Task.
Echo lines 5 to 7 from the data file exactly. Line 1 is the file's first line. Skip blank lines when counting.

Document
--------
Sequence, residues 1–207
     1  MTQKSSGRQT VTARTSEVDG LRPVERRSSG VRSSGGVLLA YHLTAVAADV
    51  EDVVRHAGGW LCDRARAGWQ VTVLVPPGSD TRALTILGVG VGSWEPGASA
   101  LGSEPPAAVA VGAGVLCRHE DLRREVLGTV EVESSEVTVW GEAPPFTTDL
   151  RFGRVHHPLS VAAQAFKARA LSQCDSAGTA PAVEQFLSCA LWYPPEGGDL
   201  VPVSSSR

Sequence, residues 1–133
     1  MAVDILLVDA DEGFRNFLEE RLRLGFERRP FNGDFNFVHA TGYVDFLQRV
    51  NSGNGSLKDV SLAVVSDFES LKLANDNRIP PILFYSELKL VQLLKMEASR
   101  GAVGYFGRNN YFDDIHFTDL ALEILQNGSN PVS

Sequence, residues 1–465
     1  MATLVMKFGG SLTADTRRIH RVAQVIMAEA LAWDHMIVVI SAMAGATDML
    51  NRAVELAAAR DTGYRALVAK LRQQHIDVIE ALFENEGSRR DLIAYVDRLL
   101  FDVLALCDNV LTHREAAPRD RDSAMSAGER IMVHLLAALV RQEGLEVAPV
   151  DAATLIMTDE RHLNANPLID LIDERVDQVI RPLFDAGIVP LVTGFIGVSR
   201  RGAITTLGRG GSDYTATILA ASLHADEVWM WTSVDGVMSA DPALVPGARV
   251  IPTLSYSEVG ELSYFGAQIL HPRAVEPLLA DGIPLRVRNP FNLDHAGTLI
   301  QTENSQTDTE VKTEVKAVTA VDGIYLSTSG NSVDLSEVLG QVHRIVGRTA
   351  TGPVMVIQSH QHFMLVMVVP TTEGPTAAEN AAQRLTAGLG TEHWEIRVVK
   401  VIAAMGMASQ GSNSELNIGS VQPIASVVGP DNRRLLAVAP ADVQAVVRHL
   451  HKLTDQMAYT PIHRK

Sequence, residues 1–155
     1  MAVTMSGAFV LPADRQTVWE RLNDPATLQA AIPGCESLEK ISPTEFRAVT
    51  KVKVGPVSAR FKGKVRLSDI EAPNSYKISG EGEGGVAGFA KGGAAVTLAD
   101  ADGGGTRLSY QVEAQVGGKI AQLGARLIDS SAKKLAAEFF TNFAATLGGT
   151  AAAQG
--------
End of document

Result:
   151  RFGRVHHPLS VAAQAFKARA LSQCDSAGTA PAVEQFLSCA LWYPPEGGDL
   201  VPVSSSR

Sequence, residues 1–133